One of the treats about NAHBS is that you’ll see things you’ve never seen before. Touches not found on your local IBD’s concept store floorplan. Case in point: Vibe Cycles showed off a bamboo fat bike that not only had curvy tubes, but plenty of other little touches that had a lot of builders swinging by.
More on that, plus the race-ready goods of Richard Sachs, some carbon-kevlar-carbon honeycombs from Festka and Cleaver’s super simple, somewhat rough cargo bike…
Internal cable routing and curved “tubes” aren’t things you find too often on bamboo bikes.
And while most bamboo builders leave their sticks in the open, Vibe painted theirs gloss black with snow flakes. Of course, you need something to keep your insides warm, hence the flask holder.
Between the seatstays was a cut out plate with a blinky light behind it, the shape mirroring the paint scheme…
…which was super trick, but the real killer app is that the on/off button was dangling from the stretch cord so you could easily use it with super thick winter gloves. All in all, a very nice bike.
Every year I try to talk to Richard Sachs, and every year he’s inundated with the crowds in his booth. This year, I at least got a head nod. Next year, a hand shake, perhaps. Despite that, here are photos of his race-bred road and cyclocross bikes.
Sachs’ bikes are purpose built, but that doesn’t mean they can’t have a few nice touches…like internal cable routing and detailed lug work (above, and below at the brake bridge).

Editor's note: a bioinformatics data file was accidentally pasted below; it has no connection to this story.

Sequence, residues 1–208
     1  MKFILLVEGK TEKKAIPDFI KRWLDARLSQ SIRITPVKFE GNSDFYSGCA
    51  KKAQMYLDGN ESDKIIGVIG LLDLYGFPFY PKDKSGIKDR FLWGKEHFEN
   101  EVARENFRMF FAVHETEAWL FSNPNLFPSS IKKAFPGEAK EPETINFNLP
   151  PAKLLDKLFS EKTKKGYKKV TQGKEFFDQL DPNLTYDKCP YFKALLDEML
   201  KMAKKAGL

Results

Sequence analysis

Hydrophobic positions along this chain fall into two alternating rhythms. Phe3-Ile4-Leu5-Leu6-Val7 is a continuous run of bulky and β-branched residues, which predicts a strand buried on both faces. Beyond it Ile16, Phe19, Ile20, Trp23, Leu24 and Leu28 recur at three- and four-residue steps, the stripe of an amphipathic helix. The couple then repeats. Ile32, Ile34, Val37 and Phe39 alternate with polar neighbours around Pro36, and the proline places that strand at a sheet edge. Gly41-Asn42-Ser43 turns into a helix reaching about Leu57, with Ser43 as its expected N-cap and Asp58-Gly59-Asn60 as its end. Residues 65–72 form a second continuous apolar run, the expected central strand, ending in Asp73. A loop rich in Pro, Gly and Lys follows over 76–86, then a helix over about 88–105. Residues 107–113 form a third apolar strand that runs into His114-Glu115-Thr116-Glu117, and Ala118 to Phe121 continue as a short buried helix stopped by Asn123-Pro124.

Festka’s road bikes were quite lightweight, mostly carbon and hail from the Czech Republic. The MOPS, above, uses a tube-to-tube construction with specific tubes and thicknesses chosen based on rider profile and weight. They claim it’s one of the lightest frames in the world, using magnesium in the few places metal is required on the otherwise all carbon frame.
This one came in at 13lbs 7oz with Campagnolo SuperRecord.
Perhaps not the most aero detail, but the cable guides are pretty cool and keep the housing from rubbing on the frame.
The NUMBERS (F-One) bike uses a dual carbon fiber tube with kevlar honeycomb sandwiched between them.
Similar to the 3D tubes Crumpton was using, this allows both inner and outer carbon tubes to have thinner walls, so the net result is a tube with about the same weight, but they’re much, much stiffer. The top two tube pieces and the honeycomb one was remarkably stiffer, I could barely budge it. Despite the stiffness, Ondrej Novotny says they do a better job of damping vibration.
The XCR is, yep, XCr stainless steel.
The Royal Flush model uses aluminum lugs with carbon fiber tubes, and you can choose standard carbon tubes or their kevlar sandwiched ones.
Frames start at $2,500 for full custom.
Cleaver’s cargo bike was a bit rough around the edges, but seemed well thought out. Steering was cable driven, which kept weight down and reduced the mechanical complexity of running larger steering components under the box. Small 20″ and 16″ wheels make it easy to maneuver.
The frame had an elastomer supported bolt just behind the BB that could uncouple, letting the frame pivot vertically at the bottom just behind the box. This made the otherwise large frame easier to cram into a vehicle if necessary. Or, at least take up less real estate at your apartment’s bike parking or elevator. Wooden boxes are more likely to ship, this was a custom cut metal box just for the show. Claimed frame weight (without the box) is just 20lbs, pretty light for a full size cargo bike.